Lying there on the bed, it felt like I lost control of my bowels—a nice touch. I hurried to the bathroom. My fears were unfounded, but it was then and there, on the pot, that my life flashed before my eyes. More precisely, my life only just started to flash before my eyes when, less than halfway through my relatively short life, I was interrupted by the sound of Mr. Lee talking to someone on the telephone, about me. I strained to listen and just barely heard him saying, in the most dignified tone he’s ever used, “I’m calling from room 623. Yes, my wife is having an overdose.” He continued, “Well, actually, so am I.” I tried to pry myself from my seat but couldn’t quite. Then whoever he had on the line must have asked what kind of overdose because the next thing I heard him say was “pot brownies.”

“Who are you talking to?” I yelled.

Mr. Lee was telling our secret to a woman at the front desk. In her effort to avoid bad publicity for the hotel—a double drug overdose—she wanted to call an ambulance. I think he was seriously considering it, while I pulled myself together enough to tell him to hang up. He didn’t. Then I heard him say that he’d like to speak with the house doctor. While we waited for the house doctor to return the call, Mr. Lee brought me up to speed. We would take the doctor’s advice whatever it was, he explained. If that meant taking an ambulance to the Emergency Room, so be it. All I could imagine was each of us strapped to our own gurney or, worse yet, both of us strapped onto a double wide. Still Mr. Lee was beginning to make sense. In hindsight, I should have remembered that he’d eaten three-fourths of the brownie.

The call from the house doctor came quickly. Mr. Lee and the doctor had a matter-of-fact conversation regarding our symptoms. An overdose involving pot brownies didn’t elicit much sympathy. Fortunately it was determined that we would not make a scene by being wheeled through the lobby of the gentleman’s hotel while an ambulance parked outside with flashing lights and siren blaring. Instead a cab would wait discreetly across the street to escort us to the Emergency Room. I didn’t want to go and protested. The feeling of impending death had suddenly passed. Still Mr. Lee was determined to follow the plan set forth by the hotel doctor. The phone rang. Mr. Lee answered it and said we’d be right down. I told him we didn’t have to do it. He ordered me to put on my coat. I prepared to turn myself in to the authorities, which in this case were a desk clerk and a cab driver. We collected our things and started what would become a most bizarre San Francisco trip.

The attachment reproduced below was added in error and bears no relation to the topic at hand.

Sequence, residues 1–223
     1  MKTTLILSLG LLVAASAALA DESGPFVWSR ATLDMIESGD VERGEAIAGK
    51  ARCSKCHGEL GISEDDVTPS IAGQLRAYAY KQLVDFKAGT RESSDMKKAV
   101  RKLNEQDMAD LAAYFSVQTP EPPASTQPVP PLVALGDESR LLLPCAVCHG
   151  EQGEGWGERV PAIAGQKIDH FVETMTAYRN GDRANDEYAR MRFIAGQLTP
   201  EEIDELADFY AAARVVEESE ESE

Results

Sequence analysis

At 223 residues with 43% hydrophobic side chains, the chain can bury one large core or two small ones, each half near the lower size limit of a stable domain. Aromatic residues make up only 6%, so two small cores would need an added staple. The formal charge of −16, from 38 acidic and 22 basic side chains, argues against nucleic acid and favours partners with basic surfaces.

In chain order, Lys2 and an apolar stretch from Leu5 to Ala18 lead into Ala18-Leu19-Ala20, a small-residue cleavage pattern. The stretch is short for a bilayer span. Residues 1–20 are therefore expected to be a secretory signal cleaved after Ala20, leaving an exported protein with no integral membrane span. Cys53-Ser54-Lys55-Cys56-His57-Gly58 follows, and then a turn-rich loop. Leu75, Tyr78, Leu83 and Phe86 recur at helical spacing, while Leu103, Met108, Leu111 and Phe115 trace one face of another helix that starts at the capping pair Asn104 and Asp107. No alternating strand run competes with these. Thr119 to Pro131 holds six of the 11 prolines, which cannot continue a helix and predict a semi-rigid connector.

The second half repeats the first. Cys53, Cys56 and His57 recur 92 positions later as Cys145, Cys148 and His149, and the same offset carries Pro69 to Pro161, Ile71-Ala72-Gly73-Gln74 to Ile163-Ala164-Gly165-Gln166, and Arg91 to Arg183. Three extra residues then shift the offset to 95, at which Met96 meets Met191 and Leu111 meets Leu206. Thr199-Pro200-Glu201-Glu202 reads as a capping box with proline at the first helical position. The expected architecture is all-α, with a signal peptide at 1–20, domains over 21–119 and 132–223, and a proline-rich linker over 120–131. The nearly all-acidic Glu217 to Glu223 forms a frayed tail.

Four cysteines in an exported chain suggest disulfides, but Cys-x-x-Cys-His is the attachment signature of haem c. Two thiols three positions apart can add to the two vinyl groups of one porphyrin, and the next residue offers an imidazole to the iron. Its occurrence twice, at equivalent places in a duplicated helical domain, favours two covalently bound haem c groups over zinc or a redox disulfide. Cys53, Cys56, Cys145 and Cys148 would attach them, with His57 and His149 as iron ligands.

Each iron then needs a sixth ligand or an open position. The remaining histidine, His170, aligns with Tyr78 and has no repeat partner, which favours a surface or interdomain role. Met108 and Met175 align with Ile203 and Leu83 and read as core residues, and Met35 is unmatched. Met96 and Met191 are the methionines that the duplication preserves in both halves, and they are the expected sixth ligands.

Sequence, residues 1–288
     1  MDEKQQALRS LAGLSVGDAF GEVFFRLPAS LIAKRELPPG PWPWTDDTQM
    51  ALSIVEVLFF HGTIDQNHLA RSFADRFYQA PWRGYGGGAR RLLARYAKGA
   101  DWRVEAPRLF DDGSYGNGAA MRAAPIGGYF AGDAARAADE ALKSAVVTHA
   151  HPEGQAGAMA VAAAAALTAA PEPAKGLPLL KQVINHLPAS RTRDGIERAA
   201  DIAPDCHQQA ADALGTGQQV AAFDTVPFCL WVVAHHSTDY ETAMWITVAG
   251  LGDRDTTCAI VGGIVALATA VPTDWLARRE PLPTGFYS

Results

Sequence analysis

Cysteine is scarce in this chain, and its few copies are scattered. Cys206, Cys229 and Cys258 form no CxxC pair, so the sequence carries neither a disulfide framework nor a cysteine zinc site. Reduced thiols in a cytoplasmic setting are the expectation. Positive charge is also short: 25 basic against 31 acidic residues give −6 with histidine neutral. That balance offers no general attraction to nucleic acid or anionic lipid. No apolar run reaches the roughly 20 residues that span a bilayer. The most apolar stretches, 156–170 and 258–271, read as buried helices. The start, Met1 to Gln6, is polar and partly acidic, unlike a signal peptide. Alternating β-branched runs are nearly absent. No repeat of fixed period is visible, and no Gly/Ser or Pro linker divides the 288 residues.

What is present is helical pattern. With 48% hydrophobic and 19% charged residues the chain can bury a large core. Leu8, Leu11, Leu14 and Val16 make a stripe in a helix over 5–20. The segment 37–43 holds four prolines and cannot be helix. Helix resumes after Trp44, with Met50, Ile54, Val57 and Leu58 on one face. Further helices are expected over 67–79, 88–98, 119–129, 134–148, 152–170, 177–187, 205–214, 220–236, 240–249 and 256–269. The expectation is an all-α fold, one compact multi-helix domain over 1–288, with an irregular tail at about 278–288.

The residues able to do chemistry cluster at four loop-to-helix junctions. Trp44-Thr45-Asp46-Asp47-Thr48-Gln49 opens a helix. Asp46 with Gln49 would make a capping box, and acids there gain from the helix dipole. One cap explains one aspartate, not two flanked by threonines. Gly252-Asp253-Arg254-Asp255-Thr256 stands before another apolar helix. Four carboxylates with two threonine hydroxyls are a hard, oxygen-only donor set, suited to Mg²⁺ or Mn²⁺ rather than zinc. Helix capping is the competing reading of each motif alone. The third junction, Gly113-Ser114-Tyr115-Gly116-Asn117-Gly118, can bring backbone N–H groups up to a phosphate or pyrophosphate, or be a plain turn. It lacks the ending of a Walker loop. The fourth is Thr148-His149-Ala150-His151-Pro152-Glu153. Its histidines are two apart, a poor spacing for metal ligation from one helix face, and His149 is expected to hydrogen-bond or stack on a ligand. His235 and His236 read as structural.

The elevator door opened to, not one or two, but several hotel employees disbursed throughout the lobby. I am certain now that every available employee, fortunate enough to be on duty that day, was eagerly waiting to catch a glimpse of the couple from room 623 having the pot brownie overdose. Mr. Lee was a few paces ahead and, to my utter surprise, he walked past all of the smiling staff. I called out to him. He picked up speed as he approached the door. He was going to bolt. The desk clerk, and then the doorman called out to him. Mr. Lee broke out, and I rushed to catch up with him. I heard someone say something about the cab, but I threw open the door and chased him up the street. When I asked him what happened, he said he changed his mind.

I followed Mr. Lee as he turned one corner after the next. It was no easy task keeping up because he was walking double speed. I assumed he knew where he was going and that he wanted to get some distance between us and the hotel before he would let me in on his plan. Finally out of earshot of the fancy hotel he confided that he wanted us to take ourselves to the Emergency Room—even though I reminded him that we had no idea where it was. I looked around to get my bearings and was startled to see that, after walking precisely four blocks, we were standing right in front of our own hotel. Mr. Lee grabbed my arm, and we ran. I could just feel the doormen pointing and laughing at us as we made our narrow escape. Realizing that following Mr. Lee and his series of left turns put us in this predicament, I decided to take over and that we would avoid left turns completely. Somehow we made our way to Union Square where we were about to revel in our success when it dawned on me that we were supposed to be going to the Emergency Room. Zombie-like we shuffled past the normal pedestrians strolling the square. After less than half a short block we were exhausted and had to rest. It was beginning to get dark and the city lights were loud and confusing. We reasoned that a break would be beneficial and found a nice little patch of grass by a fountain in the middle of the square. We sat expressionless staring into space for a long while before I noticed that we were in the company of a few anxious-looking vagrants—apparently in their spot. Poor Mr. Lee was slumped over, evidently sleeping.  When I nudged him he turned in my direction and worked up a little smile before delivering bright yellow puke in the grass right next to me and my purse. It was a colorful reminder of where we supposed to be going—the Emergency Room.